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How the North and South Korea talks were sparked by loudspeakers blaring propaganda

South Korea has been blasting pop music and news from the outside world across the border.

Image: Wong Maye-E/AP

THE HIGHEST-LEVEL talks between North and South Korea in nearly a year continued past midnight as the two sides sought to wind down an escalating crisis that pushed them to the brink of armed conflict.

The talks began shortly after a North Korean deadline expired for Seoul to halt loudspeaker propaganda broadcasts across the border or face military action.

So how did this all start?

Earlier this month two South Korean soldiers were wounded by a landmine in the demilitarised zone.

The North denied involvement but in response, the South resurrected a practice that had been suspected more than ten years ago – blasting anti-Pyongyang propaganda cross the boarder on loudspeakers.

These broadcasts are audible to North Koreans living in border communities as well as soldiers in the demilitarised zone. They include Korean pop and news from the outside world.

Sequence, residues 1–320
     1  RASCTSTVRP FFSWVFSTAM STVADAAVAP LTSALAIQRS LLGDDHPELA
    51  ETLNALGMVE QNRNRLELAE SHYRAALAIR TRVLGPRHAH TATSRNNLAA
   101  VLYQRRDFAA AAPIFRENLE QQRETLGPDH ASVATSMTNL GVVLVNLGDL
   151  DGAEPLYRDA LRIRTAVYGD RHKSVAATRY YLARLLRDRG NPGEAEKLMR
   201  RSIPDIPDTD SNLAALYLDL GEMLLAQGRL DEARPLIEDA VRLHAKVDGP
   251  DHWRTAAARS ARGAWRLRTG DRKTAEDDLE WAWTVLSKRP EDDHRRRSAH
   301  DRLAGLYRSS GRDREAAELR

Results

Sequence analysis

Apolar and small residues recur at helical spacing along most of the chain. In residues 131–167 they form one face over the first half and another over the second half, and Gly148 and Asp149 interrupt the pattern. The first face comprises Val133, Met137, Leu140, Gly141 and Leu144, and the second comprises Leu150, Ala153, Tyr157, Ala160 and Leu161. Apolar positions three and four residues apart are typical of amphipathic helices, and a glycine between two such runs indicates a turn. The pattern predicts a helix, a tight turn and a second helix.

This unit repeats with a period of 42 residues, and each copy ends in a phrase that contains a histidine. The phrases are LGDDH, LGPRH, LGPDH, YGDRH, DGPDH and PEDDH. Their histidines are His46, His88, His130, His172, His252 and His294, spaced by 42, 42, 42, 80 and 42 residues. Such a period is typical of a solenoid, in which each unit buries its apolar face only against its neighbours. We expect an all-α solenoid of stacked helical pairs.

North Korea’s army described the move as equivalent to a declaration of war calling for an immediate stop to the broadcasts. The country and its leader Kim Jong-Un is extremely sensitive about any criticisms of the North Korean regime and it is a particular insult that some of the broadcasts were about defectors.

He issued an ultimatum – halt the broadcasts by 5pm Friday or “enter a wartime state”.

Despite scepticism that Pyongyang would follow through on its threat, the ultimatum raised tensions to their highest level for years, with the North re-positioning artillery units and South Korean and US fighter jets flying simulated bombing runs.


Thousands of South Korean civilians living on frontline border islands or near military propaganda units were evacuated from their homes to underground shelters as a preventive measure.

The talks in Panmunjom were led by South Korean national security adviser Kim Kwan-Jin and his North Korean counterpart Hwang Pyong-So — a close confidante of leader Kim Jong-Un.

With their respective armies still on maximum alert, top officials from both sides are still locked in discussions after more than six hours in the border truce village of Panmunjom, where the 1950-53 Korean War ceasefire was signed.

- © AFP 2015 with reporting by Michelle Hennessy.

Read: Kim Jong-Un has declared a “semi-state” of war>

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